What is the gathered meeting?
April 27, 2013 § 2 Comments
Toward a “Theology” for Liberal Friends, Part 7
The following is an excerpt from an article I wrote for New York Yearly Meeting’s newsletter Spark. The January 2013 issue was devoted to the gathered meeting and you can read all the articles on the gathered meeting in that issue here: Spark, January 2013. You can read my article in its entirety by clicking here: The Gathered Meeting.
We have two wonderful discussions of the gathered meeting in Quaker writings, that of Thomas Kelly in his classic little pamphlet of that title, and William Taber’s discussion in Four Doors Into Quaker Worship.
I would like to add my own observations and meditations, based on my own experience of the gathered meeting.
Several of the gathered meetings I’ve experienced have occurred during a meeting for worship with a concern for business, in moments when seemingly insurmountable obstacles to unity suddenly melted away and the body was able to go forward in joy, usually following some powerful vocal ministry.
In that moment, the worshippers are present to each other, aware of each other’s presence, and we share a unity of mind and spirit: we see our way forward together and the sharing fills us with a kind of joy. Joy—that is the hallmark of the corporate religious experience of gathering—a thrilling sense of knowledge, a bonding of the worshipers in a shared consciousness of presence, unity, and joy.
This shared consciousness, this meeting of the worshipers’ consciousnesses, this intimacy between our minds and our spirits, this being conscious of each other’s intention, creates a supra-consciousness—a living synergy of mind and spirit that is greater than the sum of our individual consciousnesses. This “greater-than-ness” suffuses us individuals with a fullness of mind, a fulfillment of spirit, and a transcendental joy.
In the gathered meeting, we are lifted up, and when we look around us, we see that others have been lifted up, as well. And we all know.
We know the truth, the truth of that moment, a momentary miniature of a transcendent truth that is deeper than what we are experiencing at the moment and yet one with it. Usually, this t/Truth comes through some inspired vocal ministry. When experienced in the meeting for business in worship, this vocal ministry gathers all the threads of seeking together into a bundle of greater truth that opens the way for the meeting into unity of purpose.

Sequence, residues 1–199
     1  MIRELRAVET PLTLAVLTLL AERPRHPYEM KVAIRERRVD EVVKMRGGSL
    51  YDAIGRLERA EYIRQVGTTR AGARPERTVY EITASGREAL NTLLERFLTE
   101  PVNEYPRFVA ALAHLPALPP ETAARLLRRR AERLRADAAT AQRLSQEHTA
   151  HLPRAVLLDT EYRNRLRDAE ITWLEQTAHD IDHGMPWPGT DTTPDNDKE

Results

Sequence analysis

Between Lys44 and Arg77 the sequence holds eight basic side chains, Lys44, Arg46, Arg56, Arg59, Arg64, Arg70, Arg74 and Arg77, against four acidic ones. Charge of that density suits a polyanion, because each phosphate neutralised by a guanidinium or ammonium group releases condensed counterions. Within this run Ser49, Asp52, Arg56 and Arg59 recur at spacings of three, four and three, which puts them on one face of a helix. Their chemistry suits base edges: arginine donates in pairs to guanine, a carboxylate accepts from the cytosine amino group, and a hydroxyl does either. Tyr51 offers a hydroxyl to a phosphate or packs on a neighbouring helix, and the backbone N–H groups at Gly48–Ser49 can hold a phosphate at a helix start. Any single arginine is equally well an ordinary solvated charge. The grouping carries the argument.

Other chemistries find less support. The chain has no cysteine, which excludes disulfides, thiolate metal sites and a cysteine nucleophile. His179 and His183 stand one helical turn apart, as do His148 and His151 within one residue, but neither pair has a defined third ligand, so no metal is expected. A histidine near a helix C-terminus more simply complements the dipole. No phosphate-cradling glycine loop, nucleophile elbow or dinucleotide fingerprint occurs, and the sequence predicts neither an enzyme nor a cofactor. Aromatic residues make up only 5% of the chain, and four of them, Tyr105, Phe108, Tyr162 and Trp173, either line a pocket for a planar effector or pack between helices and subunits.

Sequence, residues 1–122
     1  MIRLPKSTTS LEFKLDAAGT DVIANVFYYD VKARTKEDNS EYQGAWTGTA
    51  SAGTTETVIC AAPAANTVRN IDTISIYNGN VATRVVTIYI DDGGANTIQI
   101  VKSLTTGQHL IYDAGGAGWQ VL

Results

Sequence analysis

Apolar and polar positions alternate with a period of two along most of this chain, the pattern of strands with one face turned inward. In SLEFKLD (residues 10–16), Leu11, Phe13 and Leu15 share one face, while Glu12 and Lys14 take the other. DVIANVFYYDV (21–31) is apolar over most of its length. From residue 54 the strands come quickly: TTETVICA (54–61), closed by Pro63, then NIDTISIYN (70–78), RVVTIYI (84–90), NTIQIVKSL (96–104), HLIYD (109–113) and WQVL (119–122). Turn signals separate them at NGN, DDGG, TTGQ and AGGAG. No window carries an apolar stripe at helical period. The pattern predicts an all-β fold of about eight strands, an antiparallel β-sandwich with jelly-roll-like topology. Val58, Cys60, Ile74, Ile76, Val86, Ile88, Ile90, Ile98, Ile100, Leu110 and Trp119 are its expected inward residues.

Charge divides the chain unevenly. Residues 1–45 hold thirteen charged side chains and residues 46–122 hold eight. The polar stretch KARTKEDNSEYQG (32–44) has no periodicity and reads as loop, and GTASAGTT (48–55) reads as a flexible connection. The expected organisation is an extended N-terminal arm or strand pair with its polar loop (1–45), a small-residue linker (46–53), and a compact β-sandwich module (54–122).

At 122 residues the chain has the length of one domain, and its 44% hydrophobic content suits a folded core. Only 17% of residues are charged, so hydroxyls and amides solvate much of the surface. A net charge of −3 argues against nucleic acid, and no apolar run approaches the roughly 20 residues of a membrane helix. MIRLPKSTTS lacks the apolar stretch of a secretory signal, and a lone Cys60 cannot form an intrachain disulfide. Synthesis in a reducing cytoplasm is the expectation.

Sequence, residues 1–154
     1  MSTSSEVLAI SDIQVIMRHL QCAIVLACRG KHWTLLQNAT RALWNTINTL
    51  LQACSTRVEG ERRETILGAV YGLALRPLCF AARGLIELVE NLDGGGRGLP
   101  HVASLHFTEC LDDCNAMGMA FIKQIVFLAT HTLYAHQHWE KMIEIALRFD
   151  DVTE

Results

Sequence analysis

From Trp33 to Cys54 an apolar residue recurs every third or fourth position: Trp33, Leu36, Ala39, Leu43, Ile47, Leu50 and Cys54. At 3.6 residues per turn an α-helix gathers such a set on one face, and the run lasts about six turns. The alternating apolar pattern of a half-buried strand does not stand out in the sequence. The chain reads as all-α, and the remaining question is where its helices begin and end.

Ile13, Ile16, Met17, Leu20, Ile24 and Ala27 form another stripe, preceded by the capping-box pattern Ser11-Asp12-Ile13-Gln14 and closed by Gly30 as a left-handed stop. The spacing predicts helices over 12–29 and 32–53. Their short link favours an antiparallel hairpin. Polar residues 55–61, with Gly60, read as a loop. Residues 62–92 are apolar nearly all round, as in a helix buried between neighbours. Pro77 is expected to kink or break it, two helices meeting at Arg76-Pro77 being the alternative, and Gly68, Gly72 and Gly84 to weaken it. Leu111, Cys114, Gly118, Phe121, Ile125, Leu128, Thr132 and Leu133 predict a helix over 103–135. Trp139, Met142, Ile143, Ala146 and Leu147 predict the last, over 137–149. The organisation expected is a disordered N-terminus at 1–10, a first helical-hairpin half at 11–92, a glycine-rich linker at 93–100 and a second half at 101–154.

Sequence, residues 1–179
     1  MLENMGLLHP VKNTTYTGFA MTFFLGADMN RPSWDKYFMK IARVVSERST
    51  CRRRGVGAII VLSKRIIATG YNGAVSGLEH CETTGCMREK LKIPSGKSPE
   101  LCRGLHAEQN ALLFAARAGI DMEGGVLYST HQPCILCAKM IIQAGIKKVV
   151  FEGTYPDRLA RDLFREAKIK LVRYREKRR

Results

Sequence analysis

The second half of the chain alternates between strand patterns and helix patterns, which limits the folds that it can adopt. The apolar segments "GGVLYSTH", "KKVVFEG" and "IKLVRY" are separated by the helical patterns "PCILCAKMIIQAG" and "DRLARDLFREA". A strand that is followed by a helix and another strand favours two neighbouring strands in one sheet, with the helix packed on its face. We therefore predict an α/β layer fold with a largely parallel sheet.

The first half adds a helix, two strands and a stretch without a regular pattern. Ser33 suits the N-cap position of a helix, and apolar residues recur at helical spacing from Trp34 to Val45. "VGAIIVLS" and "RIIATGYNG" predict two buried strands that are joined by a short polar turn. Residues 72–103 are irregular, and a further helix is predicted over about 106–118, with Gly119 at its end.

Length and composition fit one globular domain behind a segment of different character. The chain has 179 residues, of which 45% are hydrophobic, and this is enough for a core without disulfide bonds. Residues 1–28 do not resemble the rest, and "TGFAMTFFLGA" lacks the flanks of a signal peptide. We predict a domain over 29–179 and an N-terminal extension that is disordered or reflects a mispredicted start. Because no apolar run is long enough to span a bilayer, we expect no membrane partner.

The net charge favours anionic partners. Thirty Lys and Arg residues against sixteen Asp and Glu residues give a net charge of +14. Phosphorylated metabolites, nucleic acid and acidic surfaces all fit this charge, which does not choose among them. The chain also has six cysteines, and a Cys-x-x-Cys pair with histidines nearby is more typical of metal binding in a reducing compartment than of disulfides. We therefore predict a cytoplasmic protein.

In the silence of a meeting for just worship, it can come as a cascade of increasingly powerful vocal ministries, in which each offering sinks us even deeper into that peace that passes all understanding.
In that moment, we also know each other. Not in some outward sense, but inwardly and psychically. We sense each other as present. We each know the truth of that moment, and somehow we also know that the others know! And they know that we know. And we know that they know that we know. We all have been gathered up into a cloud of all-knowing—not that we know all, but that we all know.
All this is real. We know that it is real because we have suddenly found ourselves in unity and in joy.
And yet it is transcendental. It transcends the senses, certainly, since no one has said or done anything to confirm its reality—we just know. It transcends usual consciousness. And it transcends individuality—it is a collective experience.
And this knowing of each other and of the Truth and the joy that comes with it—this is knowing God. Or, to turn the semantics around, the mystical collective knowledge of God is, for Friends, the concrete experience of being gathered, of being lifted up into the cloud of all-knowing in the gathered meeting for worship.
So I’ve brought God into the conversation again. In the next post I want to be more specific. I want to connect the gathered meeting to Jesus the Christ.